Vanguard vs. Blackrock Funds: Is One Better Than the Other

Vanguard is publicly traded, which differs from most other prominent investment firms. However, Vanguard designed its structure to be unique to make money for only its clients.

Vanguard launched the first index mutual fund in 1976. Over the years, they have expanded into exchange-traded funds (ETF) and target-date funds, all while keeping fees around their funds low.

Blackrock also played an essential role in helping to navigate the financial crisis by working with other firms to value mortgage-backed securities properly.

An index fund is a type of mutual fund or ETF, though the unique aspect always matches the components of an index or specific financial market.

An exchange-traded fund (ETF) typically matches an index similar to index investing. However, an ETF can trade on an exchange, one of the most significant differences between an ETF and an index fund.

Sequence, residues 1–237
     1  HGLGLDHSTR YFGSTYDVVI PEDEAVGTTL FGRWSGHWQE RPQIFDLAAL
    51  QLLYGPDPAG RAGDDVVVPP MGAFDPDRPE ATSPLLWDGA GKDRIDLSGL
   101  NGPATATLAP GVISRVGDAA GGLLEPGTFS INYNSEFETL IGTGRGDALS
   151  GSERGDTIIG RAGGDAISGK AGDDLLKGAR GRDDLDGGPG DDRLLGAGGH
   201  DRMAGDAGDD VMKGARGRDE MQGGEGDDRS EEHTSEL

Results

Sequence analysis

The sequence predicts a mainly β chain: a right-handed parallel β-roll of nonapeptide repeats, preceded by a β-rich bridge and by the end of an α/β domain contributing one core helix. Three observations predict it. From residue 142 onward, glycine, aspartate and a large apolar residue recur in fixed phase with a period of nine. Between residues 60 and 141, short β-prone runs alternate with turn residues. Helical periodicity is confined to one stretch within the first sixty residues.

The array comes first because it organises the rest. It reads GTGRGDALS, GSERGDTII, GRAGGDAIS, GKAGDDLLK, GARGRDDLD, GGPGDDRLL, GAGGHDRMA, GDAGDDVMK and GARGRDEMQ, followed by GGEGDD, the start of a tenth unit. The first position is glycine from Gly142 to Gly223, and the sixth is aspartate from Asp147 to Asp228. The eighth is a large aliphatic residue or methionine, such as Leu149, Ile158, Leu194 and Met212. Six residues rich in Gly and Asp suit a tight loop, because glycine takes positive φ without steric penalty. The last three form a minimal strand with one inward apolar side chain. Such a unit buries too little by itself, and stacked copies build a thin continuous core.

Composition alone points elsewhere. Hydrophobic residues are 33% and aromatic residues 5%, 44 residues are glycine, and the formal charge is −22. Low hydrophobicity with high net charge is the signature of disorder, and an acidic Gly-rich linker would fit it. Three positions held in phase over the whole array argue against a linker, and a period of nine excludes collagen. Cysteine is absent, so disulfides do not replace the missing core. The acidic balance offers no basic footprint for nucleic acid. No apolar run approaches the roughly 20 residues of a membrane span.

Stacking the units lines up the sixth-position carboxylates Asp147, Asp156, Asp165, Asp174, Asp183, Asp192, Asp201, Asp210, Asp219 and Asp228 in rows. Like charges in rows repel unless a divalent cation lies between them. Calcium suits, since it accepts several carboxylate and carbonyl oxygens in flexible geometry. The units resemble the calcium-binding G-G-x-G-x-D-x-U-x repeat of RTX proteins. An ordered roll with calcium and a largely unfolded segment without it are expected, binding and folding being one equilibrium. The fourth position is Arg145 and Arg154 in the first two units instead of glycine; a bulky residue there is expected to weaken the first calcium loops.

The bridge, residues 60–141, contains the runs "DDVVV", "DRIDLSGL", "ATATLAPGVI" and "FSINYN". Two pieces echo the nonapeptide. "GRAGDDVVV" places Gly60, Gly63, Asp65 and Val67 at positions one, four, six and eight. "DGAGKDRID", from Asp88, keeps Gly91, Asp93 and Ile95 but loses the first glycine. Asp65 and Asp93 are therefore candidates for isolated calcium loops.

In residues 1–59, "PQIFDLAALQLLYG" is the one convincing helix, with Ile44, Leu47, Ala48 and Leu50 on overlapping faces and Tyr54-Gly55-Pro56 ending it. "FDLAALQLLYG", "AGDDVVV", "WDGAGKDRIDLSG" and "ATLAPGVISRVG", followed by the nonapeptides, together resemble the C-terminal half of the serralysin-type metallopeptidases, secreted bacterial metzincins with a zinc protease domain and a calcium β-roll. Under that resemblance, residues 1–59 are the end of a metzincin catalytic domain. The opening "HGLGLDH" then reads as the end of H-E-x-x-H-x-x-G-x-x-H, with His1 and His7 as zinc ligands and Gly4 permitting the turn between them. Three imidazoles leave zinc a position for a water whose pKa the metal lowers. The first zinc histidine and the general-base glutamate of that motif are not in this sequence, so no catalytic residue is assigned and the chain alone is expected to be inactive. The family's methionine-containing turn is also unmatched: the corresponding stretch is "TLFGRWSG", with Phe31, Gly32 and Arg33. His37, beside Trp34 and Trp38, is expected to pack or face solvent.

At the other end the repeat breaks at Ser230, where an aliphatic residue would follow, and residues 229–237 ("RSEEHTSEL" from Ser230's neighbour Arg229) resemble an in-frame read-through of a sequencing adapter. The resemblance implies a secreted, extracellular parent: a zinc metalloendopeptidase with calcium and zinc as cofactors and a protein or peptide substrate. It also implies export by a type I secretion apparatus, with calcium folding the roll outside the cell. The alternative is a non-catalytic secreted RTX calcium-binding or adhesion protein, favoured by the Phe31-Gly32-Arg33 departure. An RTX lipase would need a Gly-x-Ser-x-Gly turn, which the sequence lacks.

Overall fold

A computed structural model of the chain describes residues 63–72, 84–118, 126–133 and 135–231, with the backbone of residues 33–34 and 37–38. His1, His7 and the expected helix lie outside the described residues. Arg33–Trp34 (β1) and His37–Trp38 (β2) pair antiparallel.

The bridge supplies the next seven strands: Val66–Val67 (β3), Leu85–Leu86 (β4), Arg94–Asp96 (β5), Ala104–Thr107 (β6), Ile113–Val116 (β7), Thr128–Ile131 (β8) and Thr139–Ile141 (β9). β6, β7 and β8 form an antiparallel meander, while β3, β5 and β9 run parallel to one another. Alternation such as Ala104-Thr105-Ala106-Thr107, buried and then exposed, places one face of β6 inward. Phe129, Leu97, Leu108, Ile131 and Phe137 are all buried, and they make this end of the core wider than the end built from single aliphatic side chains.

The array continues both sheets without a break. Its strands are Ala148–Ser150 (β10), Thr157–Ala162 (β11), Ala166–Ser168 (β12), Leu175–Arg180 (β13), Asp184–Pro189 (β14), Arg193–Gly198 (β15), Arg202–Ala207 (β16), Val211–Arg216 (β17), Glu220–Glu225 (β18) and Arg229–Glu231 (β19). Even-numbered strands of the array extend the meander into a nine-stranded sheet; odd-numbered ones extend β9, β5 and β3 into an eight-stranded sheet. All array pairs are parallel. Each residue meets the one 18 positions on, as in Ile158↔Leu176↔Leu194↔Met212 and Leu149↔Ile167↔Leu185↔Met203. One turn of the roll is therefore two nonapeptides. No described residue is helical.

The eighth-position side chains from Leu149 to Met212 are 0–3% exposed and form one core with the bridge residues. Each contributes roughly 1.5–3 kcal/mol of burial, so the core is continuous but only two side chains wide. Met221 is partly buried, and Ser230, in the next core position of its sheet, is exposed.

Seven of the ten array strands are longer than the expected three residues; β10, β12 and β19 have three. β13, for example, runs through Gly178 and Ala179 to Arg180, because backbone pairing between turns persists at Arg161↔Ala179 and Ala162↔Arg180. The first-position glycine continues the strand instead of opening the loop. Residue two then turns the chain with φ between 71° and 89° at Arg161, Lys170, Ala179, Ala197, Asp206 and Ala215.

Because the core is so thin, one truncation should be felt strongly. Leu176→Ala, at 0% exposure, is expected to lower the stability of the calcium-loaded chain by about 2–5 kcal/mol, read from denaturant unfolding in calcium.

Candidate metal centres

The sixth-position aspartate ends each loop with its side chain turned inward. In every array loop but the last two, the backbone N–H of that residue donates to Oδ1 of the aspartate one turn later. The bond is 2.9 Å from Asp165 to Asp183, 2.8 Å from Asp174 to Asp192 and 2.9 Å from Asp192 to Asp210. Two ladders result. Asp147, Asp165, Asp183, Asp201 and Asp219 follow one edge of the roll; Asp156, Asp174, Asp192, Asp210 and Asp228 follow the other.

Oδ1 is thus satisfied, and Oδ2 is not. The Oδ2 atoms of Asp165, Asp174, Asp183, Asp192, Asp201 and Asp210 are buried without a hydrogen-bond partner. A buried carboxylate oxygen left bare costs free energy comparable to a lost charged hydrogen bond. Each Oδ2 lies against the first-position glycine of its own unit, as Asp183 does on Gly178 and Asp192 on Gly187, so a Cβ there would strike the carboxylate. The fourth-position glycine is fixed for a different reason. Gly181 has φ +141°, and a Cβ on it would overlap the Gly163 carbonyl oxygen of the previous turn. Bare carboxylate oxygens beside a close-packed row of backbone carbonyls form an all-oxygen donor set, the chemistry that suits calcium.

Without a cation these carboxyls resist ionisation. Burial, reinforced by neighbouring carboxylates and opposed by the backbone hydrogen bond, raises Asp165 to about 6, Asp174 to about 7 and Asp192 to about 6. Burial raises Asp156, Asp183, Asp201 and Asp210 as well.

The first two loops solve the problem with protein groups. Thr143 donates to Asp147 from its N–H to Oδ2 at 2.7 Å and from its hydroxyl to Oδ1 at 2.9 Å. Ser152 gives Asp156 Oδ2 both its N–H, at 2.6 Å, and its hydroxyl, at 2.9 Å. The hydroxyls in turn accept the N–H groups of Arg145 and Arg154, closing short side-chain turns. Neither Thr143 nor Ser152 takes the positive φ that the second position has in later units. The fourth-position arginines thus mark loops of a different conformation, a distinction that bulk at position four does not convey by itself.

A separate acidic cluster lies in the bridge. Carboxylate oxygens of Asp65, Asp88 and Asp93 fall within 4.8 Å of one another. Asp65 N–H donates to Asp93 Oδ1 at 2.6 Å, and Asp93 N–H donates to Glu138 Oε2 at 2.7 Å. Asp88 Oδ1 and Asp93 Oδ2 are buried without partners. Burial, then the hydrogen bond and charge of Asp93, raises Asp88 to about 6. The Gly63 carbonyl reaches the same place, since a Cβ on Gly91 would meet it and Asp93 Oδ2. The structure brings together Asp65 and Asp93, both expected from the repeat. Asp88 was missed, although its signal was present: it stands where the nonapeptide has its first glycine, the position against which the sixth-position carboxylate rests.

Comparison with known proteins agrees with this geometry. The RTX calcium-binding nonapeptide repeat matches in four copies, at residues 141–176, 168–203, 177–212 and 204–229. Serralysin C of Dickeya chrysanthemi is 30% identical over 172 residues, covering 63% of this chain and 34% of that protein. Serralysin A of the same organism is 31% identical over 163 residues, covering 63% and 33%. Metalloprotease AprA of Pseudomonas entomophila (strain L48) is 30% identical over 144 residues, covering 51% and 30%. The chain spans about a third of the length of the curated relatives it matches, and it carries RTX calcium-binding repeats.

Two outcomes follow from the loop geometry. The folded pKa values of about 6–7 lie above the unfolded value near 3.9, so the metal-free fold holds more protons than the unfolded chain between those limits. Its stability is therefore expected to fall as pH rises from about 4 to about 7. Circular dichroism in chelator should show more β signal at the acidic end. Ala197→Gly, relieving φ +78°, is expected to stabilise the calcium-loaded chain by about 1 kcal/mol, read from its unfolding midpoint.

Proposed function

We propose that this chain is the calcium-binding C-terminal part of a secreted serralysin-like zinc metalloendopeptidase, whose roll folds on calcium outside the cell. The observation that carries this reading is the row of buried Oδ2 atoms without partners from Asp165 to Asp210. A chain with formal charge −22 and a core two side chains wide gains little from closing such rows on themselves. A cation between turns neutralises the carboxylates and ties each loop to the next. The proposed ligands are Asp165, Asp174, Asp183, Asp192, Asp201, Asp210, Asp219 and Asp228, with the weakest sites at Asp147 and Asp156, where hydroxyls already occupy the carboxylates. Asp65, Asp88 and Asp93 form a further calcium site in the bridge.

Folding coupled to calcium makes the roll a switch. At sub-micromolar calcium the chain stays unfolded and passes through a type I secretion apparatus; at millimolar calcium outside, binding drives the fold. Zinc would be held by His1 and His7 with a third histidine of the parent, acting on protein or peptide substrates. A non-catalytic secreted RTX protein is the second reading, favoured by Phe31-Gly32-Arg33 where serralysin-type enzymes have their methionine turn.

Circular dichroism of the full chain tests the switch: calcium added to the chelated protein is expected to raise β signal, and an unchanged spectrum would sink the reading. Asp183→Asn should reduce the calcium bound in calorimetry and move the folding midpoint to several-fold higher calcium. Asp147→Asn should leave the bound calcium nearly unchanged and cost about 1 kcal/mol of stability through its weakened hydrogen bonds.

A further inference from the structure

Index funds and ETFs are both mutual funds. However, mutual funds can be much broader than passively managed index funds or ETFs.

The Vanguard and Blackrock funds are the Vanguard 500 Index Fund ETF (VOO), and iShares Core S&P ETF (IVV) are two of the most popular funds.

Vanguard has a unique ownership structure where the clients own the company, and no outside owners seek to profit from the company’s investments.

Vanguard essentially operates at cost for its investors, and any profits come back to investors through Vanguard’s funds.

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